As I work my way through my list of excuses people give for choosing not to give regular time for the care and nurture of their souls in a corporate gathering, I have to look at myself. I have used Excuse Number Ten, “God will understand” multiple times as a justification for doing something I know I shouldn’t--or for not doing something I know I should.
God will understand. When I look at that statement just by itself, I become aware of my hubris--how easily I decide for God! What a quick trip for me into the mind of the Holy and Almighty One where I, limited as I am, can say with such certainty, “this is no big deal to God.”
I have enough insight into my own soul to know that when I start using words like that, I’m about to make a choice that is invariably the least helpful of the possibilities in front of me.
I’ll try a few on for size here:
- God will understand if I do not have active compassion for those on the margins (because someone else will?).
- God will understand if I systematically bully or mistreat others (because maybe they don’t have real feelings like I do--so God made them a little less important than I am?).
- God will understand if I violate my own conscience to a point where that violation has become so habitual that I can no longer hear that quiet voice (because God really is a heavenly-placed magician who will spread pixie dust over the devastation I offer to myself and others so it will all mysteriously turn out just fine).
- God will understand if I skate my way through life, cheating and lying (because I’m really just human, after all, and not much can be expected of me, especially the hard work of becoming conformed to the image of the Holy One).
- God will understand if I sleep in on yet another day of worship (because, after all, I do deserve that day of rest after working so hard all week!)
It gets kind of sick, doesn’t it? I can excuse anything I want to do with those words, “God will understand.” I can dismiss the failure to take up any responsibility with those same words.
Even so, I also find a profound truth in the phrase, “God will understand.” It touches upon the whole concept of grace, but in a way that leaves the idea empty. Grace: the wondrous and mysterious action of God that intentionally invites all us creatures into what I call a state of forgiven intimacy--both with the Holy One and with each other. By flippantly dismissing this invitation as “God will understand,” we land in the quagmire of what is often called cheap grace. The invitation costs everything. Our reception of it as “God understands my laziness and is happy with my excuses” tramples this invitation and heaves it into the trash bin.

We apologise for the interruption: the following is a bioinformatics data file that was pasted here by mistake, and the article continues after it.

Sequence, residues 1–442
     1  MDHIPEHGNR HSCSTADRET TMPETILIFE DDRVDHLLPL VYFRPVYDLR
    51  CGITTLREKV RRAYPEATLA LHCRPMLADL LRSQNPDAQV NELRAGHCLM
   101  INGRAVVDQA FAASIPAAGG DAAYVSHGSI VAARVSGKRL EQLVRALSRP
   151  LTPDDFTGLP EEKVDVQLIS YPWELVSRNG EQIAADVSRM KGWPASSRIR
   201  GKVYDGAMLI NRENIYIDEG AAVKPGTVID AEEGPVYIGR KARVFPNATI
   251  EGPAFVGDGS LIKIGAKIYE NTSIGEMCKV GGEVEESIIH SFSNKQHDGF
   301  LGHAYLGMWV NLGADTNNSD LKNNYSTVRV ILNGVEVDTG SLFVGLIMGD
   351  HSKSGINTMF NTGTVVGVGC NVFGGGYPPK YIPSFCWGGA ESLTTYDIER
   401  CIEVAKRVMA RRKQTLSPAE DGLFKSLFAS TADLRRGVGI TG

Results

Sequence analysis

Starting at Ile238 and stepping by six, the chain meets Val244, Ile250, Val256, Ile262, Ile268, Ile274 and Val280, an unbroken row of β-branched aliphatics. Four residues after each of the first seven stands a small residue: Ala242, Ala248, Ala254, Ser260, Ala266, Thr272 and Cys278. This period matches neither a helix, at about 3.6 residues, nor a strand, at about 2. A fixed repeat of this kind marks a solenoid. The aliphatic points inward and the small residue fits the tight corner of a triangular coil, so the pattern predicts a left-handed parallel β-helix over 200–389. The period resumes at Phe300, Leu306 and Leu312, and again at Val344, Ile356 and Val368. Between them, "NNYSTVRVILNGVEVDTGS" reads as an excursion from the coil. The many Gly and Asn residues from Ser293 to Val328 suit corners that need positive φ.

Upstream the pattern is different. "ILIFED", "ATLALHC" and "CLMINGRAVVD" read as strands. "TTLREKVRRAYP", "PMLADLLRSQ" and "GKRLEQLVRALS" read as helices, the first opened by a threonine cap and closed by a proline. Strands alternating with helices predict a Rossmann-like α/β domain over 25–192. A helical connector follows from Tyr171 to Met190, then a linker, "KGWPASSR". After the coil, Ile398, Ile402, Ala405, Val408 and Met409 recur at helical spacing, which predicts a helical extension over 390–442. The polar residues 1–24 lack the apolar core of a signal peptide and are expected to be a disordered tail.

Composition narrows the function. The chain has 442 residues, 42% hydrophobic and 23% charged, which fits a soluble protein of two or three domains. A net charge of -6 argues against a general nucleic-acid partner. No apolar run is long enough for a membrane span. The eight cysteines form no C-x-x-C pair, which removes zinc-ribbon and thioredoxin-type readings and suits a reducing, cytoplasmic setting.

Understanding and communicating the nature of grace may be the impossible quest. Grace really is God’s free gift to us. That gift is the invitation to return joyfully to the heart of God, with complete forgiveness offered. But too often we think this gift can be simply set aside until it becomes more convenient to receive it. In other words, we don’t value it, don’t savor it, and don’t take the time to respond with thankfulness.
Participation in worship does not earn one’s way into heaven. It does prepare us to recognize what Jesus often taught: the kingdom of heaven is all about us. Worship trains our souls to be more receptive to that joyous grace. Worship teaches us to live out the image of God stamped upon us as we learn to forgive those around us. More about this next week, as I explore excuse number nine, “Someone (or several someones) at the church hurt me and never apologized.”